Principal Investigators: Dr Robert Rintoul & Dr Nitzan Rosenfeld
Funded by: CRUK Early Detection Programme Award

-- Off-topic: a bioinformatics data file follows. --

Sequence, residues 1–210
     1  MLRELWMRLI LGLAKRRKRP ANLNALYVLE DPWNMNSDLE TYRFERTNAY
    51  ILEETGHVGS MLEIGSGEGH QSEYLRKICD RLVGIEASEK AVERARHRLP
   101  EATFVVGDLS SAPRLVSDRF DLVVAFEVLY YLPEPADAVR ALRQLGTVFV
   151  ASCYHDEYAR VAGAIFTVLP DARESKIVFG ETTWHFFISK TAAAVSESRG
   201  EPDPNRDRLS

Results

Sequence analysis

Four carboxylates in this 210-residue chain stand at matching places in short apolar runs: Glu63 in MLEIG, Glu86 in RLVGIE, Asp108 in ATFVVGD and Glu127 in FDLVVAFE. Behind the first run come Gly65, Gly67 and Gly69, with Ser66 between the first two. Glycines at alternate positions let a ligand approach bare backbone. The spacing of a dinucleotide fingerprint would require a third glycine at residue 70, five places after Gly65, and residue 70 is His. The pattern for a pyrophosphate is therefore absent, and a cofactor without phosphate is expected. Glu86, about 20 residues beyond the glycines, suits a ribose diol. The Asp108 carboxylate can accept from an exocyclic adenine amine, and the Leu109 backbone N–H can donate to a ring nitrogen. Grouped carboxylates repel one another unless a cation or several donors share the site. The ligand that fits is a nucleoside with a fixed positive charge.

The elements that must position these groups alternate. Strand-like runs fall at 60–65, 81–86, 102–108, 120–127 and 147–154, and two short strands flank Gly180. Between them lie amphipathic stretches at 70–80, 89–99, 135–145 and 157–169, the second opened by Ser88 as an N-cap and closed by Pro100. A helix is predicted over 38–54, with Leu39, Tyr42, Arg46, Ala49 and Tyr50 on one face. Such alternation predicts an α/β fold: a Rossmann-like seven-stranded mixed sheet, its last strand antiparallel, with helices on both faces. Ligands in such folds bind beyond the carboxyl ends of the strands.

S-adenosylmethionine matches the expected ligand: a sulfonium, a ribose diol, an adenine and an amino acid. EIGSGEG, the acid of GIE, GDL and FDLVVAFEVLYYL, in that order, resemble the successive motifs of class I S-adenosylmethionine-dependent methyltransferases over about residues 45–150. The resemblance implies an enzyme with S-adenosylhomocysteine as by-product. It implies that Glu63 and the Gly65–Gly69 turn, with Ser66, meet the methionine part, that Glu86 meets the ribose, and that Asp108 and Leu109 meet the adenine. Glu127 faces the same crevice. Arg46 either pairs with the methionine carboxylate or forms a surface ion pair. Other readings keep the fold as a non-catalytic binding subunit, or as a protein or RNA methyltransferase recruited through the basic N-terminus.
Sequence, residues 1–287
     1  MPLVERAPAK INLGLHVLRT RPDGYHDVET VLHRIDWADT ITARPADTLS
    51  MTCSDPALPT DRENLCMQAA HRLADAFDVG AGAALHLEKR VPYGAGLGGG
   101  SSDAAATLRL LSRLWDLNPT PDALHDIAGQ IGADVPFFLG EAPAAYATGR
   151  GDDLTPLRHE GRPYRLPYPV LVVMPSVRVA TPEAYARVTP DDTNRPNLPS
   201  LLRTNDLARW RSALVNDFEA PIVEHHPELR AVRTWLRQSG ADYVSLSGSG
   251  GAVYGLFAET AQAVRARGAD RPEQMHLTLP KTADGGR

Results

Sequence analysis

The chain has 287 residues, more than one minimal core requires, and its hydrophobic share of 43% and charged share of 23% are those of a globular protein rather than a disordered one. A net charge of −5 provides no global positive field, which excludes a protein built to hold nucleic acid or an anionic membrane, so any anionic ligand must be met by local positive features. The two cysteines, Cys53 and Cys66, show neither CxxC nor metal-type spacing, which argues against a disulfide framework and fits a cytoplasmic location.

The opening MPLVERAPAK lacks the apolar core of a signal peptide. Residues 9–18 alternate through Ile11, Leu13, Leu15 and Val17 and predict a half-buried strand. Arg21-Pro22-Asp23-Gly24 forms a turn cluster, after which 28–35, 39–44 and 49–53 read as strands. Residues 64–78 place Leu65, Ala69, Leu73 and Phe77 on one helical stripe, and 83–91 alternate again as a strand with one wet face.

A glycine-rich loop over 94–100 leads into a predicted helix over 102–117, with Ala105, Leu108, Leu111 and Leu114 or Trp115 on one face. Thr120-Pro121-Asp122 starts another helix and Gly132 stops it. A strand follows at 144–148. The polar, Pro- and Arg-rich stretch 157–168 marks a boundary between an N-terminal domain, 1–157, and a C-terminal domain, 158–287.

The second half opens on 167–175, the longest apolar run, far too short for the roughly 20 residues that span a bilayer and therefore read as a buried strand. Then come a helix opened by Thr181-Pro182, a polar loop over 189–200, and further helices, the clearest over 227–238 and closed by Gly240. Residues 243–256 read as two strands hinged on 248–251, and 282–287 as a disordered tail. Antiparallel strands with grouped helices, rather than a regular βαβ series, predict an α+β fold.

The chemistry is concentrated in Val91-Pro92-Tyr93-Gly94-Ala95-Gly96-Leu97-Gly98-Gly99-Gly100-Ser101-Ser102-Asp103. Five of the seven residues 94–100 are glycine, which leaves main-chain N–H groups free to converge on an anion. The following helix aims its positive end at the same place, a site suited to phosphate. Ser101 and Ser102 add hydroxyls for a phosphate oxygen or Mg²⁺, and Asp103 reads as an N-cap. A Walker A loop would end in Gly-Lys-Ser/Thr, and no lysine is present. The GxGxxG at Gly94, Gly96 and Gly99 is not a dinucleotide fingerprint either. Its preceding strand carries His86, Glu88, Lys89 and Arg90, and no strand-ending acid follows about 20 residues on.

Diagnosing non-small cell lung cancer (NSCLC) at an earlier stage can save lives. Circulating tumour DNA (ctDNA) can be detected in plasma of patients with early-stage cancer, but it is unclear how early it can be detected, or what analytical sensitivity is required to detect the majority of stage I-II cancers in blood. Ideally, performance should be assessed in samples collected prior to diagnosis; however prospective collection in the general population is costly and complex. Previous studies collected plasma from patients at or after diagnosis, analysed few mutated loci, and detected ctDNA in only a minority of stage I cancer patients. Recent findings suggest an important role for methylation of plasma cell-free DNA in non-invasive detection of cancer. We hypothesize that multiplexed analysis in plasma samples of 100s-1000s of somatic mutations, combined with analyses of methylation and other molecular biomarkers, could detect early-stage cancer months or years ahead of clinical diagnosis in a high-risk population. To test this hypothesis, we bring together an array of cutting-edge technologies for cancer molecular diagnostics, study samples we collected at diagnosis of early-stage NSCLC, and establish a clinical study to collect samples from patients who have been treated with curative intent for NSCLC and are at high risk for either recurrent disease or a second primary cancer.